The palimpsest quality to Kentridge’s approach is one that many critics and historians have associated with his reaction to growing up during a turbulent and shifting period in South African history. Apartheid, legalized racial discrimination, dominated South African governance and society from 1948 until 1994. One way Kentridge has made overt reference to the atrocities of apartheid in his “Drawings for Projection” series is through the one pre-determined facet of these narratives: an established “cast” featuring the wealthy white real-estate developer and industrialist Soho Eckstein. Eckstein represents the authoritative oppressors ruling over black South Africans.

William Kentridge, Drawing for the film "Monument," 1990 © William Kentridge

William Kentridge, Drawing for the film Monument, 1990 © William Kentridge

In the 1990 film Monument, for example, Eckstein unveils a heroic monument showing a black worker struggling to carry a load of pristine marble objects. An ostensibly commemorative sculpture to the efforts of South Africans is revealed later to be an actual living person, not a sculpture. Racial discrimination is starkly reduced to the contrast between the “sculpted” worker’s body and the white classically-styled load he bears.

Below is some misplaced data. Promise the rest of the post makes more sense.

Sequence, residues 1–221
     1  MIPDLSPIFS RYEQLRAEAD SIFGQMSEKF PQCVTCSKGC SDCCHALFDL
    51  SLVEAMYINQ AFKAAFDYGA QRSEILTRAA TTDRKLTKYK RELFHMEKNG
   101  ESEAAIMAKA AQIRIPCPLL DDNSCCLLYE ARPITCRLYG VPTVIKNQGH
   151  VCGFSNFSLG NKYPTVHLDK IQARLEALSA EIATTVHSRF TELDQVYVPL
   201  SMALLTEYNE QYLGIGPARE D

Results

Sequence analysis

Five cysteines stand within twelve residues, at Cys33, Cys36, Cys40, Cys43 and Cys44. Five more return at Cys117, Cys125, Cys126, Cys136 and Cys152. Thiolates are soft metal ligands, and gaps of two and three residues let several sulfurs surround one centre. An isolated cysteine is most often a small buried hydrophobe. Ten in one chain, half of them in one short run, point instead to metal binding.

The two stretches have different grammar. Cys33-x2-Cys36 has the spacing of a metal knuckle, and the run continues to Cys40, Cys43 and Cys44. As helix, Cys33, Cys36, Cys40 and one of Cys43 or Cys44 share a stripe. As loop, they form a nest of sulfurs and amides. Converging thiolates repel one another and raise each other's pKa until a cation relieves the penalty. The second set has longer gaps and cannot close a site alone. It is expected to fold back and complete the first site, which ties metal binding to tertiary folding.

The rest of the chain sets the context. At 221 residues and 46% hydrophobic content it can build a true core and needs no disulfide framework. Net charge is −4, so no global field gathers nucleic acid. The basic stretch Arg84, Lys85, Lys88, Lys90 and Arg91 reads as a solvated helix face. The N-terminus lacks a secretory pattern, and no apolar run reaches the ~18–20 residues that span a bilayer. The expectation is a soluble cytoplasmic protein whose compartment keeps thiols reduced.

In the 1991 film, Mine, a similar contrast is presented between Eckstein’s white bed coverings and tray as he enjoys coffee, and the grueling, dank conditions of the mines that Eckstein owns. The two are linked visually by the downward action of the French-press coffee maker that becomes the elevator within the mines.  Such contrasts seem intentionally provocative, both formally and thematically. Yet Kentridge admits that the decision to have the coffee plunger become the elevator shaft was another example of fortuna, inspired simply from the fact he had that type of coffee maker in his studio that day.

William Kentridge, Drawing for the film "Mine," 1991 © William Kentridge

William Kentridge, Drawing for the film Mine, 1991 © William Kentridge

A critical event linked to the legal dissolution of apartheid in the 1990s was the establishment of the Truth and Reconciliation Commission. Chaired by Archbishop Desmond Tutu, the Commission was a five year investigation into the crimes and human rights abuses committed under apartheid from 1960 until May 10, 1994. The results of the investigation, broadcast on South African television, were intended to bring to light crimes committed and the breadth of the structure of racism and disenfranchisement.